Friday, 2 December 2016

HISAT2 aligner for RNAseq data

Previously I used the TopHat aligner for RNAseq data (see my TopHat blogpost) but recently it seems to have been replaced by HISAT2 from the same team. HISAT2 was published by Kim et al 2015, and there is a user manual available. Other people in my team also use STAR but say HISAT2 is slightly more user friendly, but similar in accuracy and speed.

Creating a HISAT2 index
The first step in using HISAT2 is to create index files for your genome assembly:
% hisat2-build  assembly.fa myindex
where assembly.fa is the assembly file, and myindex is the prefix you want to give to the index file names.
(note: Adam has hisat2 installed in /nfs/users/nfs_a/ar11/hisat2-2.0.0-beta/ )

Running HISAT2
You can now run HISAT2 to map your reads to your assembly. I do it using a wrapper script adapted by one from Adam Reid:
% ~alc/Documents/000_FUGI_Hymenolepis/ -f lanelist_reads -i myindex -int 40000
where lanelist_reads is a file containing a list of the fastq files (full paths) for the sample (including all fastq files for all replicates for a condition),
myindex is the name of the HISAT2 index for the genome,
-int 40000 tells HISAT2 to only allow introns up to 40 kb.
This submits the jobs to the Sanger farm to run.
Note: My colleague Michaela noticed that when we ran HISAT2 output through HTSeqCount, it gave some warning messages, and these seem to be due to duplicate alignments in the HISAT2 bam file from HISAT2 2.0.0-beta version. The HISAT2 webpage says that a problem creating duplicate alignments was fixed in a recent release, so I'm going to try that new release to see if it gets rid of the error messages from HTSeqCount.

The actual HISAT2 command that this wrapper runs is:
% hisat2 --max-intronlen 40000 -p 12 myindex -1 seqs1_1.fastq -2 seqs1_2.fastq -1 seqs2_1.fastq -2 seqs2_2.fastq -S myoutput.sam
where -p 12 says to run HISAT2 with 12 threads,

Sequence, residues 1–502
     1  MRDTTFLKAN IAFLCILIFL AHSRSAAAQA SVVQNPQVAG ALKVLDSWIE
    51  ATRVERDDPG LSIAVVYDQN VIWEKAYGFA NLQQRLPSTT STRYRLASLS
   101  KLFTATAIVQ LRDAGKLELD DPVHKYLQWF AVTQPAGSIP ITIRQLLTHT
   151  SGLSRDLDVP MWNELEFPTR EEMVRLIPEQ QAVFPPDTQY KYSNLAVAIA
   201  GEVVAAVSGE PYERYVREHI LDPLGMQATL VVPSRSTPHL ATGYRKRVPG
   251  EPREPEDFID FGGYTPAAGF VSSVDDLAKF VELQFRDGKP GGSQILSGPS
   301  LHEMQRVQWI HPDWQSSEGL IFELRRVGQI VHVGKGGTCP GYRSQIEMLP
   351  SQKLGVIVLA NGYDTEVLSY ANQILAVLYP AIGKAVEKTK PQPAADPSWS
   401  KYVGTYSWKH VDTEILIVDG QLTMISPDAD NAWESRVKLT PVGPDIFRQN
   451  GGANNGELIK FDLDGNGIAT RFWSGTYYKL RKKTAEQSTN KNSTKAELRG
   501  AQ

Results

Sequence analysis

seqs1_1.fastq and seqs1_2.fastq are reads and their mates from one sequencing run, and seqs2_1.fastq and seqs2_1.fastq are reads and their mates from another run (lane) for the same sample (same replicate),
-S myoutput.sam specifies the output sam file name.
Note that in this example a replicate was run on two sequencing lanes, this is sometimes done if we want to ensure a good amount of sequence data.
The script may have been given the fastq files for several lanes (in the lanelist_reads file) but it will identify which lanes belong to the same replicate, and will merge them into the final bam file produced.
So for example, if we had three larval replicates, and each were run on 2 lanes, then the two lanes for each replicate will be merged, so that we will end up with three bam files.

- This needs to be run in the same directory that contains the HISAT2 index files.
- The data is assumed to be unstranded here.
- This uses the default -k option in HISAT2, -k 5, which means that for multiply mapping reads, HISAT2 maps them to up to 5 places, where those 5 places are not guaranteed to be their best alignments out of all possible aligned places (eg. if they could align to 10 places, we are not guaranteed to get the best 5 reported).
- Once HISAT2 has finished running, you should see bam files in your directory. They will have been sorted by their mapped positions along each chromosome/scaffold (by default HISAT2 gives SAM output and it is unsorted, but the script converts to bam, and sorts the bam).

(Note to self: only run this for one condition (ie. all replicates for that condition at once) at a time, as it needs a lot of disk space (several hundred Gbyte) for temporary files!)

HISAT2 output
As well as the bam file produced by HISAT2, it also produces mapping statistics that will look something like this:

23590680 reads; of these:
  23590680 (100.00%) were paired; of these:
    3217972 (13.64%) aligned concordantly 0 times
    11223995 (47.58%) aligned concordantly exactly 1 time
    9148713 (38.78%) aligned concordantly >1 times
    3217972 pairs aligned concordantly 0 times; of these:
      130791 (4.06%) aligned discordantly 1 time